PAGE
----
By Dawn Graves
Sidney was known as a wild town in its early years, and for good reason. Murders, gunfights and lynchings were commonplace, and the many saloons and dance houses were always full of rowdy characters.
One story goes that a road house north of town commonly had raucous parties. In 1881, once such party was in full swing with women, whiskey, soldiers, cowboys and desperadoes in attendance. No one died until about 10:30 that night, when a soldier at the party accidentally shot himself dead.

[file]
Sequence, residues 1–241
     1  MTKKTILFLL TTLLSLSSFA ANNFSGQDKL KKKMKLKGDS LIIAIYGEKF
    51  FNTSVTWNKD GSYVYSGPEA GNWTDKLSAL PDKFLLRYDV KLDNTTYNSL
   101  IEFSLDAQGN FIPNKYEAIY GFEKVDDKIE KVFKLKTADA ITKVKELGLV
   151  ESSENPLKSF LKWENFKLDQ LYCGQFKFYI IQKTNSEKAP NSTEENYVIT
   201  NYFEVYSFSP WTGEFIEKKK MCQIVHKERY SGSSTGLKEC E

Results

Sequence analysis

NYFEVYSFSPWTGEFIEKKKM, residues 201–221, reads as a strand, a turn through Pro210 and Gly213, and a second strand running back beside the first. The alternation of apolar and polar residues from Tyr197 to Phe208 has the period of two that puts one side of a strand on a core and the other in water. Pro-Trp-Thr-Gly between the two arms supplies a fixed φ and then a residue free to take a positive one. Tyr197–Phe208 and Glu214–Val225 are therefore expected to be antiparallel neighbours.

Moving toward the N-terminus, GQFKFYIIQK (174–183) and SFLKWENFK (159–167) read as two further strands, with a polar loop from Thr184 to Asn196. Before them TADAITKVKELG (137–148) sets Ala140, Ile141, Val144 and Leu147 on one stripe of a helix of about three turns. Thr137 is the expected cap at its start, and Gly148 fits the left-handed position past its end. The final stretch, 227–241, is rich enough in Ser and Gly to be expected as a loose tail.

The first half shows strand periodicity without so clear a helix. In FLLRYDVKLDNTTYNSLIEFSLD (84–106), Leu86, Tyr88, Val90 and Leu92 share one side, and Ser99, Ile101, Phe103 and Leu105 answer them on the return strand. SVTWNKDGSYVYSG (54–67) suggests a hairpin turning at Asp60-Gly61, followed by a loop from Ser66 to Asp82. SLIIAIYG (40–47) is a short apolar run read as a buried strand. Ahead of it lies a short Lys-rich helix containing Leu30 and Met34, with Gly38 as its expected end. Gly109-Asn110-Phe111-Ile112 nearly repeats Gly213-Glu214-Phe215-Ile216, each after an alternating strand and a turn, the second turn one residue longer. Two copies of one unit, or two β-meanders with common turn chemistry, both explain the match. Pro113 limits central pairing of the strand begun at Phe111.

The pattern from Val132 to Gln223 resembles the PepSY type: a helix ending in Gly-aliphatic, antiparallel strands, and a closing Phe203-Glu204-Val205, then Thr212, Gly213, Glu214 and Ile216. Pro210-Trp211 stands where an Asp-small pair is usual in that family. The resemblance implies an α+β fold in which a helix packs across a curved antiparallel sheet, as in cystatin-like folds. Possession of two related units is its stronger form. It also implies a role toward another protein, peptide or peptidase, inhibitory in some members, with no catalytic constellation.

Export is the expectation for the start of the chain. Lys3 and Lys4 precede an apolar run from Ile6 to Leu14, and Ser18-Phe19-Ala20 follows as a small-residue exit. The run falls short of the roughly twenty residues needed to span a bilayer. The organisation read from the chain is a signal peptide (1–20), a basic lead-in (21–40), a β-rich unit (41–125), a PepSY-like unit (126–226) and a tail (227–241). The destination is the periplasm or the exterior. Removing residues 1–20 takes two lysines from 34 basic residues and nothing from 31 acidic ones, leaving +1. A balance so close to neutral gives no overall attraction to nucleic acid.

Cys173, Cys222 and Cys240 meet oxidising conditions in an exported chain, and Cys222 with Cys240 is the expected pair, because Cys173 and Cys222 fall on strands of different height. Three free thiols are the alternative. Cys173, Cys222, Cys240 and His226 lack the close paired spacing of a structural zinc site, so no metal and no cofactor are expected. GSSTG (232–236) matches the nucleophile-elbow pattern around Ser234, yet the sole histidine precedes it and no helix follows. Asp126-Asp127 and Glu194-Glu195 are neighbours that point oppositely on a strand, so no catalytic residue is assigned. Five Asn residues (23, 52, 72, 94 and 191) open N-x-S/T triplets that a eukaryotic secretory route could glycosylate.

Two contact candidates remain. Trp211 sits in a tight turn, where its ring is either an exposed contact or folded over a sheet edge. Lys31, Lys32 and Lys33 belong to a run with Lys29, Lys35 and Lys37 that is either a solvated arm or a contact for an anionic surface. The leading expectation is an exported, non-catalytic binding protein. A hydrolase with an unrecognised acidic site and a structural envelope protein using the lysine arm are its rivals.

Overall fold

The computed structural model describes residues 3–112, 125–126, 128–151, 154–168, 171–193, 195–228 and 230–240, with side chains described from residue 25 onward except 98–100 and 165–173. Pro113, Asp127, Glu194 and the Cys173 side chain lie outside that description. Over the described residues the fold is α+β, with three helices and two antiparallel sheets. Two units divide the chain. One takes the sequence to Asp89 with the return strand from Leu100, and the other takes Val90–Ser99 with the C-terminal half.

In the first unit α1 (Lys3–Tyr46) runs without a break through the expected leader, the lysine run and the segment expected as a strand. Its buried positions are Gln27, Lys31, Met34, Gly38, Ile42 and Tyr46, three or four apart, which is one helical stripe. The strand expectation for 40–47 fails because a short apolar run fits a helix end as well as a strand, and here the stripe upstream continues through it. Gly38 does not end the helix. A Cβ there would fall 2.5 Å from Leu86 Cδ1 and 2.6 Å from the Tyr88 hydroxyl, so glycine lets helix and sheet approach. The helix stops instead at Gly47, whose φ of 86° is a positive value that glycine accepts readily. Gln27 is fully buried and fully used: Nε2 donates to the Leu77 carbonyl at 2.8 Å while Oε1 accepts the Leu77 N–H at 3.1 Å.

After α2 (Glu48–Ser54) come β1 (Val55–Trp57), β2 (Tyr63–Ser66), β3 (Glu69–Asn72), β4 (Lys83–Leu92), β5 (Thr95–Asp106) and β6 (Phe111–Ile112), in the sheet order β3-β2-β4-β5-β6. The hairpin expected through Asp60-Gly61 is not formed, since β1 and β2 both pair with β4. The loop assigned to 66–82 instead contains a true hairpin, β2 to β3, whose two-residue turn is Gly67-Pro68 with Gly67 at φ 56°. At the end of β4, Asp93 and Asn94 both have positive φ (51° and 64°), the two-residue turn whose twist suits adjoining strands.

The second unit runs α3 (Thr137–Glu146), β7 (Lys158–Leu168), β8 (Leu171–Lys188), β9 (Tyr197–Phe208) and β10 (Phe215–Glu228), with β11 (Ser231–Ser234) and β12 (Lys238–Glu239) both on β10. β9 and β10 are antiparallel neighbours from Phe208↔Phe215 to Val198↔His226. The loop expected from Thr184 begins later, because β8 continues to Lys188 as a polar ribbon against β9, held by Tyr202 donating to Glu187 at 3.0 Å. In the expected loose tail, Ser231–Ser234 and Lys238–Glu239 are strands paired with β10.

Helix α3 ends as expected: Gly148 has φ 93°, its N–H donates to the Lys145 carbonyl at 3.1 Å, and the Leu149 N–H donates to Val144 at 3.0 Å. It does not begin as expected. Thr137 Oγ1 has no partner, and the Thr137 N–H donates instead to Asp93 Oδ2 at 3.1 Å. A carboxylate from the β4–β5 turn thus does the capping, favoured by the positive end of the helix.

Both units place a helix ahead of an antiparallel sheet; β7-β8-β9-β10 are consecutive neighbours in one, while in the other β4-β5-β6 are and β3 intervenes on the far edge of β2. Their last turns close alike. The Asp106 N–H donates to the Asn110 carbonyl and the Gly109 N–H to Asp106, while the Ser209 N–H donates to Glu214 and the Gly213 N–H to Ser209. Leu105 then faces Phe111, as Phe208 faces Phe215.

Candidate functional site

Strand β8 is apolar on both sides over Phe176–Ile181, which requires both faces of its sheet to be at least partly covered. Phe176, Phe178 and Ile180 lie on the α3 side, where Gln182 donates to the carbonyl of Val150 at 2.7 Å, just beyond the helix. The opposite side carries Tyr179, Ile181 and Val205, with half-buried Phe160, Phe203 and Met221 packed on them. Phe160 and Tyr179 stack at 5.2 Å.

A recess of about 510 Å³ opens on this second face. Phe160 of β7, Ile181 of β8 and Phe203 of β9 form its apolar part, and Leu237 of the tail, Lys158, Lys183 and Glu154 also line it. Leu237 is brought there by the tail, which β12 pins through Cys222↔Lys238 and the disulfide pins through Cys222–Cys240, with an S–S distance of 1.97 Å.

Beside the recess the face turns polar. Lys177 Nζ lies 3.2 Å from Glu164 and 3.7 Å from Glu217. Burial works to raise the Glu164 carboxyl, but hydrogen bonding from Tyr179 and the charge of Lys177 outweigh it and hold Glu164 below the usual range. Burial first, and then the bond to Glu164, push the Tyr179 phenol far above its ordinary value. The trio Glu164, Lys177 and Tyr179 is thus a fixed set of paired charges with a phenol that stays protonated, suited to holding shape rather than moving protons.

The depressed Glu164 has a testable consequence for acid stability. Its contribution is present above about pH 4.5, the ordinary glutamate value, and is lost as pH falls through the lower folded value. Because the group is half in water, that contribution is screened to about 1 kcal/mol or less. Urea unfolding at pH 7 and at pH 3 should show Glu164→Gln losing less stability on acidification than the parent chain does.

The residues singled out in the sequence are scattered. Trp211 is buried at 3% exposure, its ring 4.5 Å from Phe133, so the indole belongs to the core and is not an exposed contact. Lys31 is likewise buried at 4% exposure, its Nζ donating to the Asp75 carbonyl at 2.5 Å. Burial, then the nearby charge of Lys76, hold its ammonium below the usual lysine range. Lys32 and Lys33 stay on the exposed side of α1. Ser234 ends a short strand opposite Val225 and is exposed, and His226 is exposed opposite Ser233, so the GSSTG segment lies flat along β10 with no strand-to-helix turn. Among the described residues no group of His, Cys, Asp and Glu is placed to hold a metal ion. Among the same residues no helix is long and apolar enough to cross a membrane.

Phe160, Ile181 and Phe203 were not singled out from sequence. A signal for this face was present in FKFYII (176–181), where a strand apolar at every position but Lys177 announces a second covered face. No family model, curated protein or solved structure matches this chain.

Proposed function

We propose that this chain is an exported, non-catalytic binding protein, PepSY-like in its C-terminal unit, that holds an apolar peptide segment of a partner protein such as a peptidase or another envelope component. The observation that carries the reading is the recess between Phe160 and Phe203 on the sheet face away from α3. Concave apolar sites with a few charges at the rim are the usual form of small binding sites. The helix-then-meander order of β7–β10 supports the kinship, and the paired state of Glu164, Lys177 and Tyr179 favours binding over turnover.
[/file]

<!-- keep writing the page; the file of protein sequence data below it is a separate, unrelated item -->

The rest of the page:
His body was blocking the dance floor. To get him out of the way, the other patrons simply moved his body to a corner of the room and ordered the music to continue.
A little while later, a man named Jack Page got in an argument with another man, whom he killed. Shots were fired among the crowd and wounded several men and one woman. Despite this, the dead body was just placed in the corner with the dead soldier, and the dancing continued.
When, however, another fight started and a third man was killed, the dance was stopped – if only because the lights had been shot out.
The three unfortunate men were buried at Sidney's Boot Hill cemetery.